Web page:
kind of thing. Some of it is the anger, but it was born from really,
truly, just wanting to be special and to be noticed and wanting
to make people laugh. It was really born from that, so it comes
from a good place. It's just - the tools are your anger, the tools
are your sadness, the tools are your joy, the tools are voices,
faces - the tools are all those things.
The comedian's who inspired me are, like, Dick Van Dyke. Loved
Dick Van Dyke. Jimmy Stewart. Well, he wasn't a comedian, but he
was a character that I really, really liked. I learned how to say
'F***', by listening to Richard Pryor. No. But there's guys like
that who opened doors to realms for me. Like Richard Pryor and guys
like Sam Kinison. You watch them and then you go, well maybe your
gotta give up a little more to, you know, push the buttons these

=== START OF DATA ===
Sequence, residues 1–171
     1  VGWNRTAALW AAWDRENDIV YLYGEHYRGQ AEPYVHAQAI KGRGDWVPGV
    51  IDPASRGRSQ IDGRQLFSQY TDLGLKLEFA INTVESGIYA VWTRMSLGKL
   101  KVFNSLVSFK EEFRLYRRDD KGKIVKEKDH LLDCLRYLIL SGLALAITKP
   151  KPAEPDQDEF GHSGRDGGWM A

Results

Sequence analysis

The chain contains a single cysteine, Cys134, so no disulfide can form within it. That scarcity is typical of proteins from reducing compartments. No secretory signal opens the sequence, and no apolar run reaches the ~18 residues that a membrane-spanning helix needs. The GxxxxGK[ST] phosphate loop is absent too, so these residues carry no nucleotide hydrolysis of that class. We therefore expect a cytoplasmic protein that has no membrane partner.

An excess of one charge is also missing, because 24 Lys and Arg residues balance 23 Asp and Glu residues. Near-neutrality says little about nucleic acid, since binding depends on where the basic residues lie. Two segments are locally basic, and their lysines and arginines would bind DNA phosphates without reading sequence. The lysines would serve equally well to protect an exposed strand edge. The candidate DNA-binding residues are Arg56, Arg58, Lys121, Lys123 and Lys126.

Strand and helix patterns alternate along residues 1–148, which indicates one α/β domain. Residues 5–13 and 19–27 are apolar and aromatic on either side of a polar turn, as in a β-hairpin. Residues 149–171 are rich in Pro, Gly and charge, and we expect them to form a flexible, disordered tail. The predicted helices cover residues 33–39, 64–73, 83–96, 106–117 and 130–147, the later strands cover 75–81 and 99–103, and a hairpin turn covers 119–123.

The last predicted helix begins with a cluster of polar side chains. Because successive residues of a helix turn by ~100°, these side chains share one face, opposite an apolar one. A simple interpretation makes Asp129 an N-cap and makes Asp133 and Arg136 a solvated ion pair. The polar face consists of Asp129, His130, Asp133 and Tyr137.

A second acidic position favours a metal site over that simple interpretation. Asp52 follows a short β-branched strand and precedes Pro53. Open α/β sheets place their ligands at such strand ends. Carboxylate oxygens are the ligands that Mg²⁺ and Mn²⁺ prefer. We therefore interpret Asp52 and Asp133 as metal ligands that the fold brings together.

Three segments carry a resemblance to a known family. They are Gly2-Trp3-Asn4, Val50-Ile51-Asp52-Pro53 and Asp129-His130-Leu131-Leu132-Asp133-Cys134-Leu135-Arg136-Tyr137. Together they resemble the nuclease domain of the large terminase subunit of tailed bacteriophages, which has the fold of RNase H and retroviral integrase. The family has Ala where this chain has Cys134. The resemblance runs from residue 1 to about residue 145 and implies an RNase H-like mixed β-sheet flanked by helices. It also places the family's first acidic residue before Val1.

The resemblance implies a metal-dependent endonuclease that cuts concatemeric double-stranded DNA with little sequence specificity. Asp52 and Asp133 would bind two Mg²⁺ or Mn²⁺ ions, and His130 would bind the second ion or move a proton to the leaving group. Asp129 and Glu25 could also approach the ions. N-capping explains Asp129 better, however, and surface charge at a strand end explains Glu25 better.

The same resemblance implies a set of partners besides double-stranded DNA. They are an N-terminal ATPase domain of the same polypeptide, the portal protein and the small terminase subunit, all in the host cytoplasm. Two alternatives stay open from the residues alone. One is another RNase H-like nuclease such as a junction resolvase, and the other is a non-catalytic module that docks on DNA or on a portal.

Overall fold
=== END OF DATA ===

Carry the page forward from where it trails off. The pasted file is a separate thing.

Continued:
It's nice to finally get scripts offered to me that aren't the
ones Tom Hanks wipes his butt with.
There was a time when people said, 'Jim, if you keep on making
faces, your face will freeze like that.' Now they just say, 'Pay
I don't care if people think I am an overactor, as long as they
enjoy what I do. People who think that would call Van Gogh an overpainter.
If I had never ventured beyond being a stand-up comic, then I
would be sitting in my house today working on my Leonardo DiCaprio
I absolutely want to have a career where you make'em laugh and
make'em cry. It's all theater.
One thing I hope I'll never be is drunk with my own power. And
anybody who says I am will never work in this town again.
Life opens up opportunities to you, and you either take them or
you stay afraid of taking them. I've never been one to sit back
and go, 'I'd better do what the audience wants me to do, because
I don't want to lose them.'
It was such a leap in my career when 'Truman Show' came along.
It's always been a long process for me insofar as recognition goes,